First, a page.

Mr. Boué's conclusions, published in 2004, echoed what he'd been saying all along about Citgo not sending home enough of its profits. Early the following year, Mr. Chávez fired Mr. Marín, the Citgo chief who wanted to expand the company, and replaced its entire five-member board, putting Messrs. Boué and Mommer on it.
The new board changed things quickly. U.S. executives of Citgo had always participated in board meetings. Now they make brief presentations and must leave, former executives say.
The former executives contend the goal of maximizing payments to Venezuela is so strong that many worthwhile investments are scrapped. In 2005, U.S. executives wanted to invest in a project involving cogeneration, a process that produces heat and power at once, and claimed the project would produce a 60% return on investment. The board rejected it.
Mr. Boué said many of the arguments to support the project were "very feeble," and "the executives could not convince the board." He added, "I'm only a director at Citgo, and certainly not an eminence grise pulling the strings backstage."
Citgo has delayed refinery upgrades required by the U.S. government to produce cleaner fuels. Some analysts say this raises a risk of Citgo's not being able to finish in time, because projects are becoming more expensive and materials and labor harder to come by.
Citgo has sold interests in pipelines and terminals, and last year got rid of its share of a refinery co-owned with another refiner. Now it is selling its asphalt business, for $550 million.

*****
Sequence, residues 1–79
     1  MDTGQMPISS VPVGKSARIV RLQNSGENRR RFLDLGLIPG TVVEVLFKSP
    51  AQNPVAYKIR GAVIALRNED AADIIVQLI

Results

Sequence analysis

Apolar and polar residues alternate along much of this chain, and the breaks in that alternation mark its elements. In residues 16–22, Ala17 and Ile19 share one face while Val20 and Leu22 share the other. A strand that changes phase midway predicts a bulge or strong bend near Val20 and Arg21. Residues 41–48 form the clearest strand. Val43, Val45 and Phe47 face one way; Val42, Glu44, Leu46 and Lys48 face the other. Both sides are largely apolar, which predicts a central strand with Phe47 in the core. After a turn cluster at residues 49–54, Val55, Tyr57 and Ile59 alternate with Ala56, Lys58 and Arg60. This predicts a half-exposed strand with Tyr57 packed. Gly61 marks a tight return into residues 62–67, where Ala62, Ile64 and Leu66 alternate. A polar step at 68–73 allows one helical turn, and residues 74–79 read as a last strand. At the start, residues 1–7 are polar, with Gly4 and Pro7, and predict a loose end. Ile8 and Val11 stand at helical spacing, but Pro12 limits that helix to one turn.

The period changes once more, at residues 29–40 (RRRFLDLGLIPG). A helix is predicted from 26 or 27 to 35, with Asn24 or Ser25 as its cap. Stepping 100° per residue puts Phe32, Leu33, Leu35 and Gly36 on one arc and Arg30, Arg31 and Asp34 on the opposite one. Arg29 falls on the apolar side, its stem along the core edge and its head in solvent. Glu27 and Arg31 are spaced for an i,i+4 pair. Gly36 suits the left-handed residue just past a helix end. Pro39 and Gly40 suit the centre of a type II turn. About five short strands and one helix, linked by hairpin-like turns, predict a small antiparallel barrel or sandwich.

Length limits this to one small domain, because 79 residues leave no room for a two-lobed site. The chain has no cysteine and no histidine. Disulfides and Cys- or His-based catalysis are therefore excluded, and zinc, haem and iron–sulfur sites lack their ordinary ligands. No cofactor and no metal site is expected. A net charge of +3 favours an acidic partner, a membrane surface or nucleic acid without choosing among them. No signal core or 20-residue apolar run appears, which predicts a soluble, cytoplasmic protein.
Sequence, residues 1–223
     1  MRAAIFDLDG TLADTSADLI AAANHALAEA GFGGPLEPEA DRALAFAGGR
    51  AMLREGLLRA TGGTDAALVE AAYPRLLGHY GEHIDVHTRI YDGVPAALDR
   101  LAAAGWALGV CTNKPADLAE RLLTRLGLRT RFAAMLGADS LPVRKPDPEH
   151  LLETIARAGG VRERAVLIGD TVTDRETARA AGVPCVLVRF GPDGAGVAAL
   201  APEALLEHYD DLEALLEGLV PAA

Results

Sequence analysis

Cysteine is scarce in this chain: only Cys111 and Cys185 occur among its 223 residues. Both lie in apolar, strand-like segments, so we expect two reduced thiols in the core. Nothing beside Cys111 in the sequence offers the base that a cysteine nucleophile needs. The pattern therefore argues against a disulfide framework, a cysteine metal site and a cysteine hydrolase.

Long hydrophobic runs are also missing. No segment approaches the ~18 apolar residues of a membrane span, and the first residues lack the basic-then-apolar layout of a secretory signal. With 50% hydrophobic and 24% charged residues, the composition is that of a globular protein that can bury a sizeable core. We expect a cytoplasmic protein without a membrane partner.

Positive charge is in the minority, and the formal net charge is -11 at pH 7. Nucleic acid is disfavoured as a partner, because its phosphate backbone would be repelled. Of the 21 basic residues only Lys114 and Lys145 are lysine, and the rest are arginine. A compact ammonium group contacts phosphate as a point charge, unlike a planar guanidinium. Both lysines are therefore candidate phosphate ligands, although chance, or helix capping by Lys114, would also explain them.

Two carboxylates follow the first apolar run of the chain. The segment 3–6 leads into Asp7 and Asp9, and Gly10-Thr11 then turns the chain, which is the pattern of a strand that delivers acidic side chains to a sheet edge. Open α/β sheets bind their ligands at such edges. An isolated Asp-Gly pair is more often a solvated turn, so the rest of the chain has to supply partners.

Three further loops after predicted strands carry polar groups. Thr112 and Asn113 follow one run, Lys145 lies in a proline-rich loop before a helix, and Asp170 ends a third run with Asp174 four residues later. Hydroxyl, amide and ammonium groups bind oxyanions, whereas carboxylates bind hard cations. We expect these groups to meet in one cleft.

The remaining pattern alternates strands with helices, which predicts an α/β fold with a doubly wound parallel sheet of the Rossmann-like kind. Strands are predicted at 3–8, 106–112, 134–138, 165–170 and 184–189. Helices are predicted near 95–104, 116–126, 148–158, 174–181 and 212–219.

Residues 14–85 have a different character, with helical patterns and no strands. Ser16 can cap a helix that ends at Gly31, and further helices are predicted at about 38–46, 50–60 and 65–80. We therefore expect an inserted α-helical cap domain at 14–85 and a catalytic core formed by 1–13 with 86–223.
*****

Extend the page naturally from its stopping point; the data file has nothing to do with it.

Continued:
Citgo had started that operation in 1991 to refine super-heavy grades of Venezuelan oil into material to coat U.S. roads and rooftops. Citgo Asphalt Refining Co. became the largest asphalt supplier on the East Coast, and Citgo set plans to expand it further. After Mr. Boué arrived at the Citgo board, the plans were scrapped, former executives say. Now, instead of making asphalt out of a sludgy crude called boscan, Venezuela mixes the sludgy material with light crude and sells it to China, a former executive says.
The strategy has faltered. Shipping crude to China is costly, and using valuable light oil to thin out boscan results in a mixed crude that doesn't fetch high prices. Boscan inventories are piling up. Mr. Boué says the accumulation is seasonal and isn't related to the decision not to expand the asphalt refiner.
By largely avoiding U.S. investment, Citgo didn't fully exploit a refining boom of which other companies took full advantage. Citgo's capacity barely grew, and then declined 12% with last year's sale of a co-owned refinery. Citgo found itself having to buy gasoline on the open market to supply some gas stations. So last year it shed about 1,800 of the franchised stations. They now total about 8,000, down about 50% from their 1990s peak.
Citgo's strategy is in sharp contrast to that of, for instance, the big refiner Valero Energy Corp. Valero expanded its capacity twentyfold during the past few years' boom, acquiring numerous additional refineries. Says one former high executive at Citgo: "The sad thing is, we had a chance to become the Valero of the refining industry, and we missed it."